DSN1COPY is also known as the "Offline Copy utility." It has many uses. Of course, the primary use case for DSN1COPY is to copy data sets without DB2 having to be up and running. DSN1COPY can be used to copy VSAM data sets to sequential data sets, and vice versa. It also can copy VSAM data sets to other VSAM data sets and can copy sequential data sets to other sequential data sets. As such, DSN1COPY can be used to:
- Create a sequential data set copy of a DB2 table space or index data set.
- Create a sequential data set copy of another sequential data set copy produced by DSN1COPY.
- Create a sequential data set copy of an image copy data set produced using the DB2 COPY utility, except for segmented table spaces.
- Restore a DB2 table space or index using a sequential data set produced by DSN1COPY.
- Restore a DB2 table space using a full image copy data set produced using the DB2 COPY utility.
- Move DB2 data sets from one disk to another.
- Move a DB2 table space or index space from a smaller data set to a larger data set to eliminate extents. Or move a DB2 table space or index space from a larger data set to a smaller data set to eliminate wasted space.
DSN1COPY runs as a batch job, so it can run as an offline utility when the DB2 subsystem is inactive. It can run also when the DB2 subsystem is active, but the objects it operates on should be stopped to ensure that DSN1COPY creates valid output. DSN1COPY does not check to see whether an object is stopped before carrying out its task. DSN1COPY does not directly communicate with DB2.
Perhaps the nicest feature of DSN1COPY is its ability to modify the internal object identifier stored in DB2 table space and index data sets, as well as in data sets produced by DSN1COPY and the DB2 COPY utility. When you specify the OBIDXLAT option, DSN1COPY reads a data set specified by the SYSXLAT DD statement. This data set lists source and target DBIDs, PSIDs or ISOBIDs, and OBIDs, thereby enabling you to modify these IDs accordingly (possibly for moving data from one subsystem to another).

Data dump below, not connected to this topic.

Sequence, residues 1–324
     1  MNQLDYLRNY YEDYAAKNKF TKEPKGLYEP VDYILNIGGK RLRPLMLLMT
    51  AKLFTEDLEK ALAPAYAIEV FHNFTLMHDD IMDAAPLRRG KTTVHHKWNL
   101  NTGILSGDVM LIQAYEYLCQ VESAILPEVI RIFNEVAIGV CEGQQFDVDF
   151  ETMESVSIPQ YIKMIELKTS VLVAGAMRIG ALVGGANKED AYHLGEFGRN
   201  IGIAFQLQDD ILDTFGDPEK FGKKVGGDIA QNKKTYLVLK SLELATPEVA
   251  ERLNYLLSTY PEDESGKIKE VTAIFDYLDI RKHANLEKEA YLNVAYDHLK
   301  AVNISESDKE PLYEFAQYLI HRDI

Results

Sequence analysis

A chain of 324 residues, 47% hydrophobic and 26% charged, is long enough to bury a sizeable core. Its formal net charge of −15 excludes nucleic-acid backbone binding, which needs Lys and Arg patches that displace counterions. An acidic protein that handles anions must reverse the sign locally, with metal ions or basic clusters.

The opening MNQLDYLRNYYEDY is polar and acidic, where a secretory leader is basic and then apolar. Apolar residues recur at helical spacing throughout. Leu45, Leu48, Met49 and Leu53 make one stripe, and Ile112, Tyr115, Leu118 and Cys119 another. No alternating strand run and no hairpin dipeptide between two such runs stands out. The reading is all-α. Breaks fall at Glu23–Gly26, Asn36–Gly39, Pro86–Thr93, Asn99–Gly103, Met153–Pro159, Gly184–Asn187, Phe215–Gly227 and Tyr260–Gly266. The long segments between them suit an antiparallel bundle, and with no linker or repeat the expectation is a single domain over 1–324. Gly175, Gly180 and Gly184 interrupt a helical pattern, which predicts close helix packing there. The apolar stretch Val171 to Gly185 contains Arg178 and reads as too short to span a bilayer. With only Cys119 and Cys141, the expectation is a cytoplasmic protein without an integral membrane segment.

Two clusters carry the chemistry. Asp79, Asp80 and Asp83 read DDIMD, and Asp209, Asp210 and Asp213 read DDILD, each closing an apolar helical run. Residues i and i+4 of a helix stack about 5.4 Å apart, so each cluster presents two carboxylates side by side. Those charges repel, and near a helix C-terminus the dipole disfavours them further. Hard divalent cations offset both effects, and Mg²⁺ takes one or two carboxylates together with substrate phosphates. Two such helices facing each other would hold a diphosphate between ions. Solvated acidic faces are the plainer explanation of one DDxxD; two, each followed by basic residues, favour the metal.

You can also use DSN1COPY to check the validity of table space and index pages.
OK Then, But What's New?
So now that we understand the DSN1COPY utility, let's dig in to learn a little bit about how it has been improved in DB2 11 for z/OS. Basically, DB2 11 bring improved data validation to the DSN1COPY utility.
In DB2 11, the target data set produce by DSN1COPY is automatically validated after it is populated. The first time that the target data set is physically opened by an operation other than a utility, DB2 checks for inconsistencies in the data and the DB2 Catalog. The validation performed includes checking:
- DBID, PSID, and OBID
- SEGSIZE and PAGESIZE
- Table space type
- Table schema (if the table space contains only one table)
If inconsistencies are found, DB2 throws a -904 SQLCODE and reports the issue. You can then use the REPAIR utility to remediate the reported issues. In past releases, validation did not occur immediately, which could have resulted in data corruption issues, storage overlays, and even ABENDs.
So you can rest easier knowing that DSN1COPY data is checked after it is created, thereby removing a lot of the chance for calamity if you ran the utility improperly... and that's a good thing!